ABSTRACT: In this chapter, we sought to analyse the racial formation of white Australian identities. In so doing, we drew upon a social constructionist approach. The book is placed in the context of hegemonic narratives that shape white Australian identities. This is an empirical study of how white Australians construct their identities in their everyday lives, in a specific time and locality. The ethnographic method, described in this chapter, is best suited to collect qualitative data on and from the subjects to gain insight into their daily cultural practices and social relations. Frankenberg’s use of a theoretical analysis of race, racism, and colonialism to apply a substantive analysis of these processes in the daily life experiences of the women she interviews is used to explore how white identities describe race and cultural difference and how their descriptions reflect different moments in the history of race.
SOURCE: Koerner C., Pillay S. (2020) Methodological Insights. In: Governance and Multiculturalism. Palgrave Macmillan, Cham, 15 August 2019.
ABSTRACT: In this chapter, respondents who identify as ‘white Australians’ and are Australian-born talk about multiculturalism, refugees, and national identity. The point of this chapter is to analyse the complexities of ‘everyday understandings’ of several discourses. White Australia and multiculturalism are discourses intended to understand differences, including differences associated with migrants and refugees. National identity is a discourse of belonging to the country. How do these discourses speak to each other? How do they engage with Indigenous sovereignty? The central argument is that the social and political history of a ‘white Australia’ continues to inform the terms of multiculturalism and ignore Indigenous sovereignty.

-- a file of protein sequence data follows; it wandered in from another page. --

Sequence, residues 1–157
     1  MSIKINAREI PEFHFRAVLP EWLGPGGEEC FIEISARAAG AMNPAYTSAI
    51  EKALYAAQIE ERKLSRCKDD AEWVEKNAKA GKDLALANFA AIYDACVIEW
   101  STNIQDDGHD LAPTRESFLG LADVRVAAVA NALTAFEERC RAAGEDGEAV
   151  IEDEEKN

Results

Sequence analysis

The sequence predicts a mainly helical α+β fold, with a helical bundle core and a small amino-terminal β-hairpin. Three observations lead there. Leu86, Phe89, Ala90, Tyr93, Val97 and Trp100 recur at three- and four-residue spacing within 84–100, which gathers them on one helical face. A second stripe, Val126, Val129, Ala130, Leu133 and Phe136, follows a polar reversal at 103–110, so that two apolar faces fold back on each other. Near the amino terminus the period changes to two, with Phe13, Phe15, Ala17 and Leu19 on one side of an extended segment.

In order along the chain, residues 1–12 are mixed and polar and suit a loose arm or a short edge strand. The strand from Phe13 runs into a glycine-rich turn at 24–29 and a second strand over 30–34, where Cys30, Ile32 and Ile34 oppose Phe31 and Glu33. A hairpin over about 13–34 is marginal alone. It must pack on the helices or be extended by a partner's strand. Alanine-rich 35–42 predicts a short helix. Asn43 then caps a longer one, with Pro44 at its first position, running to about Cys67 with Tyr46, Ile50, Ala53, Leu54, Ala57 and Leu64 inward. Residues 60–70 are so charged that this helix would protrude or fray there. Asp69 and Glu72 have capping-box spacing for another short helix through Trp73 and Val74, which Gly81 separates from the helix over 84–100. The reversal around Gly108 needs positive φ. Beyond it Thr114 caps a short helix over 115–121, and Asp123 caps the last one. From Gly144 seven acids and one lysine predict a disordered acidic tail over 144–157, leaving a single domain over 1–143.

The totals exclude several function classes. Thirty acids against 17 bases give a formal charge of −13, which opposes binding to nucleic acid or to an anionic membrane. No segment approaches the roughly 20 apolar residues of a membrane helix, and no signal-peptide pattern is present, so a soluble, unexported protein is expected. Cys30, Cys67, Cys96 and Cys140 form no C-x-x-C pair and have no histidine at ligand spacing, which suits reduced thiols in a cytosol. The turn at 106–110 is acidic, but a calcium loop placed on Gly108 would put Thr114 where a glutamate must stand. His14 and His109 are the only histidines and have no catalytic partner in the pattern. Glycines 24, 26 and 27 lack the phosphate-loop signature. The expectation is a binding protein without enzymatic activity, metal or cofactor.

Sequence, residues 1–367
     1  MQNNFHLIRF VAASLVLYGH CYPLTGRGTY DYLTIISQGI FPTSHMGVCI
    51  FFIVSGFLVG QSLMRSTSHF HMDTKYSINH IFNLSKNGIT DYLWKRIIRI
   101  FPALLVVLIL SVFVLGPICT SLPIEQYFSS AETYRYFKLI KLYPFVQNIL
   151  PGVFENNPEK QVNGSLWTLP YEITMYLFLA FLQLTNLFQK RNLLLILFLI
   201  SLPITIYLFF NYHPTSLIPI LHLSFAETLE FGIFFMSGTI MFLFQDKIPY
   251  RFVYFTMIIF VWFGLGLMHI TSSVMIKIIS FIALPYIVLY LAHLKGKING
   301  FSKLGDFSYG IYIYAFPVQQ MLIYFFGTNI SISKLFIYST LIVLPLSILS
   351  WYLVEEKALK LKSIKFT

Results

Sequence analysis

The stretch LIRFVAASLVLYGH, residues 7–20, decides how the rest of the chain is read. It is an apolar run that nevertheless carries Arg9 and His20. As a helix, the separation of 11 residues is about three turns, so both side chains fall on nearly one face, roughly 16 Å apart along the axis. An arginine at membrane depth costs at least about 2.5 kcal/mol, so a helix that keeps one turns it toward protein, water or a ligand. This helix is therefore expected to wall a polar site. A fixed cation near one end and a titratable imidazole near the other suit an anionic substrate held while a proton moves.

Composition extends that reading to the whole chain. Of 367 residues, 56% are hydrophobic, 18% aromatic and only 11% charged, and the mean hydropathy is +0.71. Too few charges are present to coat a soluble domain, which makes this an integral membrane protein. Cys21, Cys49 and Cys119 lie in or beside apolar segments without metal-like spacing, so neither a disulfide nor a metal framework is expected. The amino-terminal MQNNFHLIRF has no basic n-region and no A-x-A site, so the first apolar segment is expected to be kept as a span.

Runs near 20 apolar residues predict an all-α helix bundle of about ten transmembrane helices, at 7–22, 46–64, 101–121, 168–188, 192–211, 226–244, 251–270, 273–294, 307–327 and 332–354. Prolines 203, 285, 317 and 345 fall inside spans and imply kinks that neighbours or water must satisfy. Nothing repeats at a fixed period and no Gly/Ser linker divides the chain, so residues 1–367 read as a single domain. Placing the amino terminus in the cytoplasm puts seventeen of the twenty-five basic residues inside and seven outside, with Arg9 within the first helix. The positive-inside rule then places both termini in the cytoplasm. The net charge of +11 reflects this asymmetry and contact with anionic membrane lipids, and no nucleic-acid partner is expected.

SOURCE: Koerner C., Pillay S. (2020) ‘We’re Multicultural Mate!’ Understanding Multiculturalism in Australia. In: Governance and Multiculturalism. Palgrave Macmillan, Cham, 15 August 2019.
ABSTRACT: This chapter discusses Aboriginal policy and in particular, the federal Aboriginal policy and legislation of the Northern Territory Emergency Response (NTER) and the contemporary extension termed ‘Stronger Futures’ until 2020. The NTER is significant because the then Howard Liberal Coalition and successive federal governments legislated and intervened in the Northern Territory that is, a democratically self-governing territory but not federated state. This chapter also examines in detail how empathy and compassion is witheld from those racialised as ‘Other’ or ‘Outsiders’ because of the white patriarchal capitalist possessive logic underpinning federal Aboriginal policy written by hegemonic identities.
SOURCE: Koerner C., Pillay S. (2020) Policy, Practice, and Legislative Matters. In: Governance and Multiculturalism. Palgrave Macmillan, Cham, 15 August 2019.
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